Daniel Carpenter, Democracy by Petition: Popular Politics in Transformation, 1790–1870
Christophe Jaffrelot brings India to life in his latest work on Indian politics. He helps explain the reasons for the success of Hindu Nationalism while providing a narrative of its development. Jaffrelot also gives important context for the rise of Narendra Modi as well even though the book examines much more than simply Modi. Overall, this is a book about charismatic politics, nationalism, and the dynamics in India that made a transformation possible. It’s also a sad story, because Jaffrelot explains what scholars mean when they refer to the decline of Indian democracy. Most serious scholars of Indian Democracy have already read this book. But many others interested in India or democracy throughout the world should also read this book.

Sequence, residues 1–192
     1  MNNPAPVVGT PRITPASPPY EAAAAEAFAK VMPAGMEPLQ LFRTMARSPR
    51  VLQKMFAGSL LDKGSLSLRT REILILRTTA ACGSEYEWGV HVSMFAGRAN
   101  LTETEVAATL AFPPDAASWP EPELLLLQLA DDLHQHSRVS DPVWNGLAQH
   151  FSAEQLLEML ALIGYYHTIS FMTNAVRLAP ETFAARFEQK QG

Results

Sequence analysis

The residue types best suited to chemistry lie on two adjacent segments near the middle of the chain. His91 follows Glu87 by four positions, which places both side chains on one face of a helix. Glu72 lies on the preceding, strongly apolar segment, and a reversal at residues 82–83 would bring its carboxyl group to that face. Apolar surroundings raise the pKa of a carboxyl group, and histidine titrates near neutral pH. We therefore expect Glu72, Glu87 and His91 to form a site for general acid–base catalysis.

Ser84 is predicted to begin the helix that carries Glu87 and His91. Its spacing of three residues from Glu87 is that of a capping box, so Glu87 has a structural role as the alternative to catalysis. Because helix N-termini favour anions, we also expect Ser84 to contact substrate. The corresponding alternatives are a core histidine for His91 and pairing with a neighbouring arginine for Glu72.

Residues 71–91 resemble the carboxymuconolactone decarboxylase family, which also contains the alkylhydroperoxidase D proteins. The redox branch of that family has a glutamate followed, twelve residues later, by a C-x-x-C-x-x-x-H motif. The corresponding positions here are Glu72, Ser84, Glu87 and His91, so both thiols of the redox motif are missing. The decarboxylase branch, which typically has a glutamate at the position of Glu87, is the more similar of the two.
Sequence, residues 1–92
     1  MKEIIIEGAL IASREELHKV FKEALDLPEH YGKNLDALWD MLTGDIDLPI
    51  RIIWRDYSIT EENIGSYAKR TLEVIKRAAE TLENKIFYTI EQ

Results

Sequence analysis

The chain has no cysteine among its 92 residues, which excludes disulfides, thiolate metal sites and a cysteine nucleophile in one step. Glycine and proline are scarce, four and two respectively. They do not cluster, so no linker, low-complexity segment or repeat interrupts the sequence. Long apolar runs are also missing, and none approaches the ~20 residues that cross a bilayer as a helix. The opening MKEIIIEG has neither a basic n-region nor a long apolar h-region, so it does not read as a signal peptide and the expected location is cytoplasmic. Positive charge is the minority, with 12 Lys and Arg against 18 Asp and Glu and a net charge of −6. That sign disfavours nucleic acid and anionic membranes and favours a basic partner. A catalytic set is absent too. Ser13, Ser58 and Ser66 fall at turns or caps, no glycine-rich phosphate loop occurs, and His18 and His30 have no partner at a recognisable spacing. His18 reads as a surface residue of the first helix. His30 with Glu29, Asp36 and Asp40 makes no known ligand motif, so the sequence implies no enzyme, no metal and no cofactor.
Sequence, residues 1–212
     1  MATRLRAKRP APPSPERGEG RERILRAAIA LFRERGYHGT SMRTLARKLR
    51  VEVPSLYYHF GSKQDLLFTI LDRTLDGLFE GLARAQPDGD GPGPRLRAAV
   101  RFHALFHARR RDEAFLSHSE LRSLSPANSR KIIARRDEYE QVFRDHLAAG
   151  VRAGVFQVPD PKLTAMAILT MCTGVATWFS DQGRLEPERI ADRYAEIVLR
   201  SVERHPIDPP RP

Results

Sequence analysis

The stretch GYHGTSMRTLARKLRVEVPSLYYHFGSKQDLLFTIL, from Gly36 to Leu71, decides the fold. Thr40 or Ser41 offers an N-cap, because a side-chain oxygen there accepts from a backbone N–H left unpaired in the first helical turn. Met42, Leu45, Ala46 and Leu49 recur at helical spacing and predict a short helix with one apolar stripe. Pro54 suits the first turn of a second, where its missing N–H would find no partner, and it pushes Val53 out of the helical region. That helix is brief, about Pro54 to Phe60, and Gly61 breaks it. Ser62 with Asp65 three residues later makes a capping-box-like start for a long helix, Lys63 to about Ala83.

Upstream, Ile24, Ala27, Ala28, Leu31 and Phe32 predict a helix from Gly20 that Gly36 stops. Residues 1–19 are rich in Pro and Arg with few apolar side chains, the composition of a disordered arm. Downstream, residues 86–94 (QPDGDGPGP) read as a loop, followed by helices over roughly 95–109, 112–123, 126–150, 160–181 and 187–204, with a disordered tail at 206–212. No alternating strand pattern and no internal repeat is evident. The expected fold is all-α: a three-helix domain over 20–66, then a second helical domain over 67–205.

Christophe Jaffrelot, Modi’s India: Hindu Nationalism and the Rise of Ethnic Democracy
The Emergence and Revival of Charismatic Movements
Caitlin Andrews-Lee is an exciting new voice among scholars of Latin America. Her latest book focuses on charismatic movements in Argentina and Venezuela. It offers historical accounts of Peronism and Chavismo, but draws the reader into a broader reflection on charismatic leaders and their movements. It’s an important analysis because so many leaders in democratic and authoritarian nations rely on charismatic authority. Her ideas break dramatically with Weber to argue charismatic movements become cyclical. In other words, once a charismatic tradition begins, new charismatic leaders will arise during moments of crisis. So, her book is not simply about Latin America. Her insight has implications for Americans in the wake of the Trump Presidency or Indians under Modi. It’s not clear whether her conclusions are correct. But they offer an important perspective for anyone who wants to understand democracy, populism, and politics in our current age.